Insight Garden Program: San Quentin Prison

I assume that with the new 'green' push, more and more prisons will be employing these types of programs. There's a similar program for the women inmates at Rikers Island.

(San Francisco Mag) Prisoners at San Quentin have long provided the Bay Area with cheap, anonymous labor. We rest on inmate-crafted mattresses and chairs, and we store our office supplies in prison-made cabinets. In the coming months, we could be eating their tomatoes.

Since 2002, the Insight Garden Program has been teaching prisoners the basics of pruning and irrigation in a small flower-and-herb garden. About 40 men are now enrolled in the course, and several hopefuls show up each week to clamor for a space. The program provides hands-on vocational training that prisoners can later use to find jobs, as well as quasi-spiritual guidance that helps them connect with something other than cement. This spring, class members will be graduating to a vegetable garden—the first to be planted in any California prison.

Despite San Quentin’s Bay Area location and the notorious reputation of the penitentiary’s food, these incarcerated gardeners won’t be able to enjoy the vegetables of their labor. Prison officials worry that inmates might try to sell the produce on the black market or bury weapons in the soil. And getting the vegetables approved for onsite consumption presents too many bureaucratic obstacles, according to the garden’s program director, Beth Waitkus. So, for the time being, inmates will likely donate their first harvests to a food bank or—in a move that would at least benefit prison alumni—a prisoner reentry program like Delancey Street.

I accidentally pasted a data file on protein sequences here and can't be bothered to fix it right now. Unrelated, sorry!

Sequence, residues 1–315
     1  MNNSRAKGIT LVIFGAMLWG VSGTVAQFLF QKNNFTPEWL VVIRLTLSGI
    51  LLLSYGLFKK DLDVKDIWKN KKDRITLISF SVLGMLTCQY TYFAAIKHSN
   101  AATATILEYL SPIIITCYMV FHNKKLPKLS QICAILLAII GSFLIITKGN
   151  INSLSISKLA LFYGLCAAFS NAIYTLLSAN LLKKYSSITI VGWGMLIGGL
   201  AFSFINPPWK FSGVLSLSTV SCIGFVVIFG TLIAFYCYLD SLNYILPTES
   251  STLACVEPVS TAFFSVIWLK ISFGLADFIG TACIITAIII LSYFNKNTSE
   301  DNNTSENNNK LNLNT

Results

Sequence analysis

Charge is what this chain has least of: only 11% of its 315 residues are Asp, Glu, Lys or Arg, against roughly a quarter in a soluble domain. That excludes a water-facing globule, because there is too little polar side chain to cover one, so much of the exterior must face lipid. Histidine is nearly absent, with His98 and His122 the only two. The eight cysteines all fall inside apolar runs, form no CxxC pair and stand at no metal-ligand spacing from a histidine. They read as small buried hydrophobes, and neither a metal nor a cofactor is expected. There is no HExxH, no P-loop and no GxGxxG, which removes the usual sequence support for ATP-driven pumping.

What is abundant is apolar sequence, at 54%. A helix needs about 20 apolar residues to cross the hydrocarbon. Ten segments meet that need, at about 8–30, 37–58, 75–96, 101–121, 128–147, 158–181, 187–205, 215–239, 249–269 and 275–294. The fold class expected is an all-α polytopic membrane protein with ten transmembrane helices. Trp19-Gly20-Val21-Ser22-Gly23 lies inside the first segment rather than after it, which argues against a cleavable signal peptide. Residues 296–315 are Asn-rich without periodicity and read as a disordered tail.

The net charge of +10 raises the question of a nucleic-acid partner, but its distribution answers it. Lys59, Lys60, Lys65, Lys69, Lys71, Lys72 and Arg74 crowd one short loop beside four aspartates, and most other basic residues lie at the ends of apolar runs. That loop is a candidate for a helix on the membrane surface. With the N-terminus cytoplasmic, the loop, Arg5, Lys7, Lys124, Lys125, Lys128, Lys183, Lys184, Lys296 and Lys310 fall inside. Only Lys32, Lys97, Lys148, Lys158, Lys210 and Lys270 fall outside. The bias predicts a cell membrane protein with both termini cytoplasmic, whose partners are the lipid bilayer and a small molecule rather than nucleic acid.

“I think it will break the stereotype of prison,” says inmate Jeff Rutland. “Everybody in the Bay Area knows San Quentin by what they see on TV. But we’re not all Scott Peterson. If you put a plate of veggies in front of someone and tell them it came from San Quentin, it will make them think twice.”

The program also provides a refuge for the roughly 1,000 inmates who live in the medium-security wing. The wing’s massive concrete yard is divided into sections for blacks, whites, and Latinos—but in the small patch of soil in the corner, where tall grasses, wild geraniums, and lavender grow, typical racial rules do not apply. Black guys do push-ups next to Mexican guys chatting in Spanish while a twentysomething white guy with a goatee strums his guitar.

“It’s like a neutral ground here,” says prisoner Larry Levi. “You can come here, whatever race you are, and be at peace.”